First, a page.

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Airlines rely on à la carte pricing to stay afloat

As airlines stay aloft by adding dollar signs to every service, flight prices will be trickier to tally — but those who steer clear of frills stand to save.

Whether you call the practice à la carte pricing or nickel-and-diming passengers, the fees most airlines now charge for everything from food and drinks to checked bags aren't going away. With far fewer people flying because of the economy — especially business travelers — many carriers are counting on this revenue more than ever.

"The airlines are doing it because they can't raise fares," says Michael Boyd, president of aviation consulting firm Boyd Group International.

And the companies have found that add-ons can be very profitable. In fact, à la carte pricing has become so successful that analysts are predicting airlines may soon institute the even more nitpicky menu-pricing structure that's been helping Air Canada survive since 2004. For all of its flights, Air Canada offers four fare options, each with a different set of extras, such as a free checked bag or an on-board food voucher. Customers can then add or subtract other services — forgo frequent-flier miles and save $3, for instance, or pay $30 to access the airline's lounges.

For now, most carriers in the U.S. simply say they are sticking with the à la carte approach and considering tacking on more fees in the year to come. So what does this mean for passengers?

The downsides

  • It's harder to compare prices. Because fees vary from airline to airline — and only a few companies, notably Southwest, still subscribe to the old-fashioned, all-inclusive approach — it takes a lot of work to figure out the total cost of a trip on different carriers. And if every airline adopts an intricate menu of pricing options, that chore is only going to get more complicated. Travel booking and aggregator sites like Travelocity and Kayak are developing ways to display ticket prices that highlight extra charges, but the technology isn't expected to be ready until the end of 2009. For now, you're on your own to do the math. One resource can help: the free, up-to-the-minute guide to airline fees published on the blog
  • The gap between advertised fares and actual prices is widening. Nobody likes it when airlines promote tantalizingly low sale fares and then bury extras like taxes and security fees in the fine print. To keep consumers from being duped further, the Department of Transportation last May issued a directive requiring airline and travel-booking sites to disclose the possibility of additional baggage charges in ads and fare quotes. Ads must also state when there are fees to book a ticket by phone. But there is one big caveat: Airline and booking sites aren't required to include those surcharges in the total price, so what you end up paying may not be anywhere near what you were quoted.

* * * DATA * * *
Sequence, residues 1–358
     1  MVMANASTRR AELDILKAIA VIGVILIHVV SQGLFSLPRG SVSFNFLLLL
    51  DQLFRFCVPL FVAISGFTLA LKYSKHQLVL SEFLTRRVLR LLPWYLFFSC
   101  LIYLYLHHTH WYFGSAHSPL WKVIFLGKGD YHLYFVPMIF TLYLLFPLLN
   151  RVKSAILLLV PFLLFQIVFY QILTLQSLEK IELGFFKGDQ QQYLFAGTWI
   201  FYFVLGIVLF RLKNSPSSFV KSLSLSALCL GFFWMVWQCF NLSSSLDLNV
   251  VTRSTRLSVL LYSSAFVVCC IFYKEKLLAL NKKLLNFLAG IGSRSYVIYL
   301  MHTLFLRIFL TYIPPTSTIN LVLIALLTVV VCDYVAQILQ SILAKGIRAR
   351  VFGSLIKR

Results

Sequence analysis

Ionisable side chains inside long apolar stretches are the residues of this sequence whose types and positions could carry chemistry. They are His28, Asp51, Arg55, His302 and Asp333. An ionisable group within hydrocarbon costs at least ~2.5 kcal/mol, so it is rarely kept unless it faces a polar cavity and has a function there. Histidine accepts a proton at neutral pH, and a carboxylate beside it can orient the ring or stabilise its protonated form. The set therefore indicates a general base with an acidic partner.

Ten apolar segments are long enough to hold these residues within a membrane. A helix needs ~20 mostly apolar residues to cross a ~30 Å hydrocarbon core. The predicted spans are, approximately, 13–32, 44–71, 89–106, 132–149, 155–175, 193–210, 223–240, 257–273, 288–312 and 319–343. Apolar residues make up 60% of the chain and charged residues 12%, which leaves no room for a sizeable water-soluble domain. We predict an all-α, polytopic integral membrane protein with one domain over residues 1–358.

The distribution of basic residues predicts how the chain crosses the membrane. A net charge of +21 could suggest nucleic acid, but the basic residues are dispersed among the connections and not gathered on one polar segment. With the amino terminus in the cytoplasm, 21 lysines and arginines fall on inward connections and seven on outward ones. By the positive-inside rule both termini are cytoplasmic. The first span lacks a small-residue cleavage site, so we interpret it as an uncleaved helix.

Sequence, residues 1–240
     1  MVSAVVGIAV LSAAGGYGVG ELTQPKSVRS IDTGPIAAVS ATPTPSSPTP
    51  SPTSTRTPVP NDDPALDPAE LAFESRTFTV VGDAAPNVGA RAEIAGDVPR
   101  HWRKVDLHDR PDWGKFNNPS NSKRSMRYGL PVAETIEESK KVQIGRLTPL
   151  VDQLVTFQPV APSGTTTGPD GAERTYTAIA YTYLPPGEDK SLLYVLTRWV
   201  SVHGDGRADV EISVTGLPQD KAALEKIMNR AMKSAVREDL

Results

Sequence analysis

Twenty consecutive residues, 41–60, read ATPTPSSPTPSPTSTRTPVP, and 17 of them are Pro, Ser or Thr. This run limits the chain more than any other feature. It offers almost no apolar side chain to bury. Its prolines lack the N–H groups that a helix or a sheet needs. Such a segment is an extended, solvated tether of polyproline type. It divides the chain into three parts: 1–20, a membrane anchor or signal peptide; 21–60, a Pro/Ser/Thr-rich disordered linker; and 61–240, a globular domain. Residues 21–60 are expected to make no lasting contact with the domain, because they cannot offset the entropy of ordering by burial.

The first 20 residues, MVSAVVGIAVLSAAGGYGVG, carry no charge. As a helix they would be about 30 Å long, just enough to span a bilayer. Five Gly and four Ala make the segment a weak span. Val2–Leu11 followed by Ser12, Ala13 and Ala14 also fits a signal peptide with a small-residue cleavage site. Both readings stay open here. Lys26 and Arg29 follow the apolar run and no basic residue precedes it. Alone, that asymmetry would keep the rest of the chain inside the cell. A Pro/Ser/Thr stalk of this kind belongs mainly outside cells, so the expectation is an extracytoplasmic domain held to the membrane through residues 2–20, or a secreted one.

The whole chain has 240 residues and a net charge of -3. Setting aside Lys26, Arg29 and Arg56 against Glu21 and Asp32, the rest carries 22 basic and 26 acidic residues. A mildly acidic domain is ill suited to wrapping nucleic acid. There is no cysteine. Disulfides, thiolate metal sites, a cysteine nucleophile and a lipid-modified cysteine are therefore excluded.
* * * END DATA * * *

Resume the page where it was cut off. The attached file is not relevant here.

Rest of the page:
• Air service could deteriorate, especially for budget travelers. European carrier Ryanair has taken à la carte pricing to the extreme, charging customers a per-minute fee to speak to a company representative on the phone — even if you're a ticket holder calling to report a problem. While that practice would probably never fly in the U.S., analysts say the pay-as-you-go pricing structure could allow carriers to treat higher-paying passengers better than their penny-pinching seatmates. For example, a person who goes whole hog and buys an in-flight meal, a headset, and a pillow and blanket stands to get more attention and potentially better service from the cabin crew. This has always been the case in first class, but it's new to economy. "There isn't a business out there that doesn't take steps to keep its best customers happy," says Tim Smith, an American Airlines spokesman.

The upsides

  • Some people will save money by forgoing all the extras. If you book online, don't check a bag, and skip the meal, you're probably paying less than if the airlines had simply jacked up ticket prices. And according to a poll conducted last fall by Amadeus North America, a travel technology company, people are becoming more comfortable with à la carte pricing for that reason. Fifty-three percent of respondents said they'd prefer to buy the lowest-priced option and then add services; only 18 percent would rather shell out for a higher-priced all-inclusive fare.
  • There may be more one-way tickets and deals on upgrades. When Air Canada implemented its new pricing structure, it also eliminated many travel restrictions that passengers hated, such as requiring a Saturday-night stay and a round-trip ticket to get the lowest fare. Air Canada now breaks down round-trip flights as separate one-way tickets on its Web site, showing you exactly what you pay for each leg. While U.S. low-fare airlines such as AirTran and JetBlue also sell tickets this way, most major carriers do not. The advantage for passengers if this policy catches on: the ability to shop around for the best price for each leg of a trip — even on different airlines.

Carriers like AirTran and US Airways are also experimenting with selling last-minute deals on upgrades, a practice likely to become more commonplace.

For instance, AirTran offers passengers at check-in, at the gate or on the plane the option of upgrading from coach to business class for $49 to $99 per flight. Often times, that's cheaper than what it costs to buy a business-class ticket in advance. This means that travelers can decide not only which extras they want to purchase, but also when to buy them.

So the next time you fly, take your time figuring out if you want to splurge on six extra inches of legroom — a $5 movie might instead do the trick.